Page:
We all breathe.

From our first incoherent cry to our last rasping breath, we breathe over twenty thousand times each day.

We breathe so often that we take it for granted, until the moments when our breath is taken away.

I thought I knew what it was to have my breath taken away. By love. By art. By exercise. But everything changed this year.

In June of 2020, Allison and I were visiting a friend on the Pennsylvania border when her mother invited her to a surprise lunch. I spent that day helping to homeschool two kids and occasionally losing my breath as I chased them repeatedly around the farmhouse, up the hill to the barn, and around through the winding paths of the nine acres up beyond the chicken yard.

I lost my breath again that afternoon when Allison got James and me onto a conference call to tell us that her father, who had been growing mysteriously weaker for a few months, had been diagnosed with ALS.

“We are moving to Maryland. I need to help take care of him. I want the kids to have memories of him,” she said. No, she insisted. Even as the numbers didn’t line up, jobs interfered, and COVID overshadowed everything, Allison remained steadfast that she needed to be with her parents and the kids needed time with her grandfather, so James and I did what we could to make it happen.

Which is how we came to live part time in The Mothership.

As the weather grew colder and Rich’s health declined, we found ourselves moving from the role of frequently visiting family members to full time caretakers. Allison, especially, did everything she could to lift the load from her mother, who was struggling under the dual roles of nurse and grieving wife. As time went on, I began to take on some of the care as well.

Feeding times. Medications. Breathing machines.

It was the breathing that was the hardest.

ALS destroys muscles and one of the most important muscles in the human body is the diaphragm. Twenty thousand plus times day this muscle pulls and pushes the lungs, forcing air in and out. For Rich, the diaphragm began to weaken within a few months of his diagnosis. Chest muscles. Diaphragm. Throat, tongue, and lips… all began to deteriorate.

When you can’t work your throat or push your lungs to cough, phlegm begins to build up. It burbles in the throat, oozes down into the lungs, and becomes lodged. We’ve all seen the labels on the side of five gallon buckets, warning that infants can drown in a couple inches of water. For the last few months, Rich fought a daily struggle against the tablespoons of mucous which threatened to drown him.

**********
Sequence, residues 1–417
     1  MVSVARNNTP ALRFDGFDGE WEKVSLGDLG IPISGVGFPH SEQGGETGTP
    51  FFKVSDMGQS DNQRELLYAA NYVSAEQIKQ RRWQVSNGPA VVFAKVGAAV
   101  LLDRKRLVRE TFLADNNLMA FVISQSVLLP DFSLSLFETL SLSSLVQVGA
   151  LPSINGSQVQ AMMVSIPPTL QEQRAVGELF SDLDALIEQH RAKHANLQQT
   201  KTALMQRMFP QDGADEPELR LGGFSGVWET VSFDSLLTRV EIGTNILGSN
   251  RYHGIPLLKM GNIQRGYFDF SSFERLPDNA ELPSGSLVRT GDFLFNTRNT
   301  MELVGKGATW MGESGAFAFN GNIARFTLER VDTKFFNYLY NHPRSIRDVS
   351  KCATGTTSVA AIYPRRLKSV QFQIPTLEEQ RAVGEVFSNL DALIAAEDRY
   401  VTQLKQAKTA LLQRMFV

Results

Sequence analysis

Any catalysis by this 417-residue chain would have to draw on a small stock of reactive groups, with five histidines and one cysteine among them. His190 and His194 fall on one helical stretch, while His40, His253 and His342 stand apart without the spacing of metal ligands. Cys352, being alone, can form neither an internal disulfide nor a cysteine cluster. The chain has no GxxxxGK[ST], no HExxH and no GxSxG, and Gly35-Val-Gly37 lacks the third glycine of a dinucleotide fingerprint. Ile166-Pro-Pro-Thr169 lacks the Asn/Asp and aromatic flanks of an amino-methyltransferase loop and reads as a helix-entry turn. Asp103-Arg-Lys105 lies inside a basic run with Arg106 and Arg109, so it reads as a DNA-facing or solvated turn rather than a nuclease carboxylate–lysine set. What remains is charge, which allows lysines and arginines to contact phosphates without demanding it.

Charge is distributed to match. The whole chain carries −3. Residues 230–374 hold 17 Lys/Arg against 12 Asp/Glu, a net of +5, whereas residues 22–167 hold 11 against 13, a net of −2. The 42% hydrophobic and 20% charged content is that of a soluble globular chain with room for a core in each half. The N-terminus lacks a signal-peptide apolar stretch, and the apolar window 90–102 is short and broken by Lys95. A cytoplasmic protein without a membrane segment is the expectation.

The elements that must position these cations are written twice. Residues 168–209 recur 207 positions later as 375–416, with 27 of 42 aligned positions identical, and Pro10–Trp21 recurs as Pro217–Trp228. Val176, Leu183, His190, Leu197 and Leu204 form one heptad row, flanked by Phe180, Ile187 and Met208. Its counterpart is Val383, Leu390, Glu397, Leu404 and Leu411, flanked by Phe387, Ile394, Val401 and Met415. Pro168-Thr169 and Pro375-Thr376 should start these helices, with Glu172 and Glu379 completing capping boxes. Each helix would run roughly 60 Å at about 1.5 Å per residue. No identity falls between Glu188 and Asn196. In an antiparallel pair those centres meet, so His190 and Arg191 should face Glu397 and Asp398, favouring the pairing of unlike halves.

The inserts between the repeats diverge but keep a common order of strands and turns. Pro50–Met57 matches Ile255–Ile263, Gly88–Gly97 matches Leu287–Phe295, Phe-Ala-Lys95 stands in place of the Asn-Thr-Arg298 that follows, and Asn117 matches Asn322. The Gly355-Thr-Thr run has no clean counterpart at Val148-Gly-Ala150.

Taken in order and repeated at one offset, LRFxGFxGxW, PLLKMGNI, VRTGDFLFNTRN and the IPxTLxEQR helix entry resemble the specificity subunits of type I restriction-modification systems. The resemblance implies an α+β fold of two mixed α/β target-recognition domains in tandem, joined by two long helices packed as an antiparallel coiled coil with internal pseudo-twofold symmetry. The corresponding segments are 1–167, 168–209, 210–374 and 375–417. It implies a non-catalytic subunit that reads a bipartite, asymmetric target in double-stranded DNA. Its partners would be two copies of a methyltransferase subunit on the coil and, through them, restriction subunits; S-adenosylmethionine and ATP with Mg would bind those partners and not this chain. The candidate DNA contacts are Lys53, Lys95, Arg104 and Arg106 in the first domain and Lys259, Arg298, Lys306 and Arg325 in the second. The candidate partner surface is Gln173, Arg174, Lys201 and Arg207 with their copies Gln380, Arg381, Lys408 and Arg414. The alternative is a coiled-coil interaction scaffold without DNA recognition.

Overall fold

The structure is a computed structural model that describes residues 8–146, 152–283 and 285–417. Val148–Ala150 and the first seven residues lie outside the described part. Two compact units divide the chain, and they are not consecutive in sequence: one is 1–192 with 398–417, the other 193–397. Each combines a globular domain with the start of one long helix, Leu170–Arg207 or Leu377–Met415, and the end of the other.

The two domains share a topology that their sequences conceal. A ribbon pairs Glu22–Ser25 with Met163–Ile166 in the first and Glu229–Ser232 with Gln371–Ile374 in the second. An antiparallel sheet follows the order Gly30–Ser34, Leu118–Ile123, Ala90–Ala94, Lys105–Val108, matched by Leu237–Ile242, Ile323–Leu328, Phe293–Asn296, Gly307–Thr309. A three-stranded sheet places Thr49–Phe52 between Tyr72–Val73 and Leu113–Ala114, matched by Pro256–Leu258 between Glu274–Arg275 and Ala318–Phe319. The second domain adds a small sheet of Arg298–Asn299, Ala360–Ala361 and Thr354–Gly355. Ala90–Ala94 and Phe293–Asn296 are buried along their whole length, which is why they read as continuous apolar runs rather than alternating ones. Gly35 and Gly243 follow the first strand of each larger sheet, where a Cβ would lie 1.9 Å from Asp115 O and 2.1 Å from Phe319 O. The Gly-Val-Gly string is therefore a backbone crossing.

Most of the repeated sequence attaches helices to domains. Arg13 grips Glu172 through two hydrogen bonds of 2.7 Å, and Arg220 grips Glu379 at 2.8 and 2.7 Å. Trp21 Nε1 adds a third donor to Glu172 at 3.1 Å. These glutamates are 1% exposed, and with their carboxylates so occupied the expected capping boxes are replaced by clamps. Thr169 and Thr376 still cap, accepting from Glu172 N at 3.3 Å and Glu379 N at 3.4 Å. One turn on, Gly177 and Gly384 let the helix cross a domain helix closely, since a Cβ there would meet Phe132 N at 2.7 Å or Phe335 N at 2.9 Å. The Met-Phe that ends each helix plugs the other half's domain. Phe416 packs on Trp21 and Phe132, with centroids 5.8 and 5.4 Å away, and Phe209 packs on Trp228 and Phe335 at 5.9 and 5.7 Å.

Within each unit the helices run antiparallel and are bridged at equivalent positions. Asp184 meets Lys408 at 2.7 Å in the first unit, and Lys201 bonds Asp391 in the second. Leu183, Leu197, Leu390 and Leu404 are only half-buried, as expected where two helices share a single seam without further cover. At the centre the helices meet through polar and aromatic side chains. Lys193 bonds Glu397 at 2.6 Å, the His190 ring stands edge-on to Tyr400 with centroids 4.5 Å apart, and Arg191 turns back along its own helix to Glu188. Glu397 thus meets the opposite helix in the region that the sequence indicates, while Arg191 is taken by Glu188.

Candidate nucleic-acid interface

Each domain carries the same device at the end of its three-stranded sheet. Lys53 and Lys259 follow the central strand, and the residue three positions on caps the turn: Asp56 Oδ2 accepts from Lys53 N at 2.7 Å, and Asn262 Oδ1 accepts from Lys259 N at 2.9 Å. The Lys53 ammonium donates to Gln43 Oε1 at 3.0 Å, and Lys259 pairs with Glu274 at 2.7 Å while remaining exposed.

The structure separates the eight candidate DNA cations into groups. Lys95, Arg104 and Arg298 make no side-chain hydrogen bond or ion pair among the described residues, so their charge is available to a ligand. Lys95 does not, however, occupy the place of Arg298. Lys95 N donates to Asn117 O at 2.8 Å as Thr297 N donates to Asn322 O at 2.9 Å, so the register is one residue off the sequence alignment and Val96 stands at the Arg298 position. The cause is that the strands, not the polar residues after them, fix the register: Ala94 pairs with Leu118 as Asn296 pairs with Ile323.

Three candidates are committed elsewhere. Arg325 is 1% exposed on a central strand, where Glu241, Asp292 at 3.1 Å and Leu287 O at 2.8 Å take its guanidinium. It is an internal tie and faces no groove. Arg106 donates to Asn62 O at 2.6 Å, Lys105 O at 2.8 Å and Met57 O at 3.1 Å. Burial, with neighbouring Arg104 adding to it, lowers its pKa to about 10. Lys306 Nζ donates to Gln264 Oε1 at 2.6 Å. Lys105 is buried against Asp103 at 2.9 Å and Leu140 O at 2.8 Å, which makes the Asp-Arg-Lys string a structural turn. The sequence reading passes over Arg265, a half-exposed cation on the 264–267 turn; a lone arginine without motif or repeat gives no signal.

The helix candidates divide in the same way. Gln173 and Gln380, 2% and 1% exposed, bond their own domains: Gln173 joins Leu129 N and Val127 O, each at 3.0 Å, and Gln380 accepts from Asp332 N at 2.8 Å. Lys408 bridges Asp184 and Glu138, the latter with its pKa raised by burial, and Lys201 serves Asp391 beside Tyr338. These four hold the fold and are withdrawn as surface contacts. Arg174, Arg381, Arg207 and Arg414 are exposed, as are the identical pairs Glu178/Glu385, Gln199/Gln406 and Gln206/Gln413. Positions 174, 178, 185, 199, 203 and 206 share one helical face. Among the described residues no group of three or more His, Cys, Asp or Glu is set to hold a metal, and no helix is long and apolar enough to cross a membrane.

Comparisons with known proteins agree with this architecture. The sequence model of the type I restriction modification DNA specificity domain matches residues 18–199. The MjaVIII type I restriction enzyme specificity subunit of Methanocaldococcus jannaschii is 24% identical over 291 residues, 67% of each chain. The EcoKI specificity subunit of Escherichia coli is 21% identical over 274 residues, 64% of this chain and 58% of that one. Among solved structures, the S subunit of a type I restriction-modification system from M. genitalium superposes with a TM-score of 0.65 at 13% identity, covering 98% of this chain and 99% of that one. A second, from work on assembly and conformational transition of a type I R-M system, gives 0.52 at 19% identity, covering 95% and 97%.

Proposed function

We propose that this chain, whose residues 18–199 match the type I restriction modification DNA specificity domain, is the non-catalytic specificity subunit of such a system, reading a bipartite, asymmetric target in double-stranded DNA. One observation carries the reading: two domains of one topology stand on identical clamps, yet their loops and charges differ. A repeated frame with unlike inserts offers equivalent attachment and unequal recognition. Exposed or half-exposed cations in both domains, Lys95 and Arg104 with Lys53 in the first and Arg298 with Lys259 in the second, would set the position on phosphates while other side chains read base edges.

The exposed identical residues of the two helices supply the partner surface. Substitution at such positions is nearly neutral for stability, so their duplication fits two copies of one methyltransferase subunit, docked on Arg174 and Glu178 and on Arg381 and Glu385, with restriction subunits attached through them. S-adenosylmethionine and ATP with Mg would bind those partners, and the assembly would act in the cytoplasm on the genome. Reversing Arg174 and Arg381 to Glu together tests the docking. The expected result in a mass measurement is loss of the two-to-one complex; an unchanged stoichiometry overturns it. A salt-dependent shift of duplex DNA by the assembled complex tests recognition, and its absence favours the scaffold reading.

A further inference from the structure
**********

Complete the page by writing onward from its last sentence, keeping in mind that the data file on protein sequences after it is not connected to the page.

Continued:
He needed to breathe.

We would try to help using a cough assist machine. If you’ve never seen a cough assist, simply imagine a little white box with a few buttons on the front and a face mask coming to the side on a long hose, not unlike a vacuum cleaner. Twiddle a few settings, press a button, and this hellish Dust Buster forces air down the trachea at sixty miles an hour, forcibly inflating the lungs for about five seconds before slamming into reverse. Then the cough assist literally sucks the air from the patient’s lungs, often pulling with it a wad of thick yellow mucous.



Repeat until they can’t take it anymore or you’ve done twenty breaths, whichever comes first.

Repeat again a few minutes or hours later, depending on how much drawing a breath feels like gargling.

By the end, Rich was using a BiPAP machine for much of the day, essentially treating it as an at-home ventilator. The machine whirred and clicked and hissed all day and night, breathing for him. It made him hard to understand, as every weakened syllable had to be forced from his lips through the storm of air which sustained him.

Eventually only Allison and I could make out what he meant most of the time, and that was just because she has experience talking with elderly folks who struggle to be heard and I have spent years trying to understand the discoherent rambles of adolescents. Still, he often used his few spare breaths to crack jokes. The last one I heard came a few days before the end, when he spent nearly ten minutes blinking and nodding and repeating short phrases as if conveying a terribly important message about his health, until it became clear that he was joking that, yes, he should sleep in his mobility chair so that his wife didn’t smother him with a hug in the middle of the night.

We all laughed, him included… but the thought that sleeping with one’s partner could turn from a joy to a danger was more than a joke.

He used every breath he had.

He fought for each and every one.

Until there was no more breathing to be done.